Mardi Gras Festival and Island Dining – Tuesday, February 28th at Sips in Southwest Harbor. The evening will start at 6:00 p.m. with cocktails and appetizers followed by dinner at 7:00. Cost is $50/person for a festive 4-course dinner which includes tax and gratuity; does not include alcoholic beverages. The program was created to raise funds for the many programs and services offered by Harbor House.  Reservations required and Masks are optional. For more information or to make reservations call Diana at 244-3713 or 

email at


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Keep in your prayers this week:  Beverly, Loretta, Jimmy, Louanne, Tom, Helmut, Joel, Bob, Lois, Kay, Lois, Kay, Taylor, Mel and family.


Military Casualties (February 7)

Afghanistan: Billy Sutton


Prayer for the Community of St. Andrew & St. John                       

Gracious God, we offer thanks for our parish, for your inspiration, and for the generous open hearts making accessibility for all a reality at St. John's. Guide us all, especially our Capital Campaign and Design & Construction Committees and Vestry, as we continue to seek funding for the planned expansion of the facilities. We thank you for the various trades and skills of those who work on the addition. Protect and guide them as they labor, that they may take pride in their accomplishments. Inspire us to share faithfully the love that you have revealed to us through the ministry and sacrifice of your son, Jesus Christ. Amen.


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The Episcopal Church taught me that Jesus came to challenge, not just comfort; to overturn, not maintain; to love, not judge; to include, not cast aside.

The Rev. Canon Elizabeth R. Geitz, Diocese of New Jersey































Hi to all and belated Happy Valentine’s Day. 


It’s been a busy couple of days.  We arrived in Cayambe on Monday afternoon and started work on Tuesday.  As soon as we got here the surgery team was invited for a meeting with the mayor at the city hall; a friendly but formal event with local press, cameras, speeches and interviews.  It was overwhelmed at one point by a thunderstorm that entered by the beautiful vaulted ceiling with artwork painted on it and the mayor relocated us all into his office where we had a great view of the central park, the church, and the rivers flowing in the streets.  But it was dry in there at least.  Good senses of humor all around and a lot of information shared on both sides.


It’s been breaking out in thunderstorms each day since, late in the afternoon, and chilly even when it’s not raining; partly cloudy most of the time otherwise.


Surgery team got up and running (not sure if flesh was cut before noon) and clinic team to small towns away from Cayambe, working in small clinics, or subcentros.  It looks like we’ll be in subcentros most days, a different town each day except in one case.  In some ways it’s easier than working out of a church building or school because they have some sort of infrastructure for us, but it’s disruptive for their clinic staff (the doctor on call fades into the background) and we kind of take over for a day.  In a church or school we have to make do with less but at least we have more space, so it’s a tossup.


Tuesday we were fairly close to Cayambe, and some poor people as patients, but today there were many more, as we were farther out in a town with far more indigenous people.  Very colorful clothing on the women, particularly the older ones; these skirts have many pleats in them, unlike the straight black skirts of the Otavalo women.  Many layers, with embroidered blouses, sweaters and shawls.  Hard to understand some of the older folks because even though they were speaking Spanish their accents were a little different, kind of a vowel shift as well as local idioms. Younger ones as usual are much easier and often help out the translator with what their parents or grandparents are saying.  A few years ago we were in some villages where the older ones spoke only Quichua, and as a translator this becomes easier because the younger ones translate into a Spanish that is pretty clear and standard.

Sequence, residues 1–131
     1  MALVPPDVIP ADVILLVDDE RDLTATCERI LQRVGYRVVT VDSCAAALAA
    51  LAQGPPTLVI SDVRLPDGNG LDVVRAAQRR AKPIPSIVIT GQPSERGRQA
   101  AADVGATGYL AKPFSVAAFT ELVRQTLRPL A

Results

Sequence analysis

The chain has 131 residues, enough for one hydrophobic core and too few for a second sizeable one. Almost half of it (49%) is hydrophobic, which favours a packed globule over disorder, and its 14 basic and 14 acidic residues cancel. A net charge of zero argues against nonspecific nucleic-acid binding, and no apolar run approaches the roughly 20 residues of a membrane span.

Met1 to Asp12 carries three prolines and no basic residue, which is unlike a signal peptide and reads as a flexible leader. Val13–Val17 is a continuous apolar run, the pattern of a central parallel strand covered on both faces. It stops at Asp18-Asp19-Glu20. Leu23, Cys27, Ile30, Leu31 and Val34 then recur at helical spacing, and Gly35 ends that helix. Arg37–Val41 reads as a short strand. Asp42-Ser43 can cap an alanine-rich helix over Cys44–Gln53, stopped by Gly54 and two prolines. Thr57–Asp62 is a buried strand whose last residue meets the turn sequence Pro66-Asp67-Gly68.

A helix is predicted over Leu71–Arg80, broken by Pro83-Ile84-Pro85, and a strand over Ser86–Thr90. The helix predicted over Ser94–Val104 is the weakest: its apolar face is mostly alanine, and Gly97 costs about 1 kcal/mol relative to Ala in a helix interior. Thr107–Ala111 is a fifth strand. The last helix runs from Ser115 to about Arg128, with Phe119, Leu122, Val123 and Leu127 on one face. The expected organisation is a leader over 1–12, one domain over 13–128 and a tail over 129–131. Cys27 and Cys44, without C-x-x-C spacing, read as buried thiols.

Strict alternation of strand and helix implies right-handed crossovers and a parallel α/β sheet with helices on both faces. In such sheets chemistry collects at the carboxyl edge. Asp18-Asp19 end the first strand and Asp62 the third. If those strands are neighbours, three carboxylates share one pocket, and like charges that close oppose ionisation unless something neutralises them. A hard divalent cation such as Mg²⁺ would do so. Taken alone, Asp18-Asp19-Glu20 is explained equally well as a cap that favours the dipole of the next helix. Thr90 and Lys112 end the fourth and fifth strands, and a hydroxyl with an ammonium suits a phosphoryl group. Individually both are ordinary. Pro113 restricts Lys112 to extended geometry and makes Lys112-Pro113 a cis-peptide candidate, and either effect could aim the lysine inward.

We’ve been getting back to the hotel after dark each night, cold and tired.  Thank God for hot showers in this hotel to get the body temperature up again.  Good food too.  The hotel is kind of a local resort-type place; it’s right on the highway but it goes back from the road enough to be quiet, with nice grounds and gardens and even a pool but it looks pretty shallow and nobody has been seen to swim in it because it’s as cold as the air and it ain’t heated without plenty of advance request.  So don’t think we’re pampered too much.  The hot showers will have to do.


We’re not within walking distance of very much, but it’s a cheap cab ride for those who have had the time to explore in the evening.  I miss being within a city and wandering around the parks and shops.  But with this year’s scheduling we may not have much time anyway.


No major illness so far, but we can expect some gastro-intestinal excitement any day now.  It’s usually for no more than a day or less though, for those who are blessed with it.  Consider that a prayer request.


I’ll close this and try at least to send it.  The hotel does have wi-fi and the mission bought a mini-laptop this year.  We’ll see if it works.  Times have changed.  The first trip I took to Ecuador we could hardly get a phone call out of the country.  This year people are using skype through cell phones (the phone itself won’t quite work except for the Canadians), or Nook, or Kindle, or FaceBook.  I’m not up to that speed yet.


Chaou for now.  Thanks for continuing to pray for us and for our patients too, who don’t really know what to expect.  


PS By now a few articles should have posted on my blog with scenes from previous years.  See 


Ted Spurling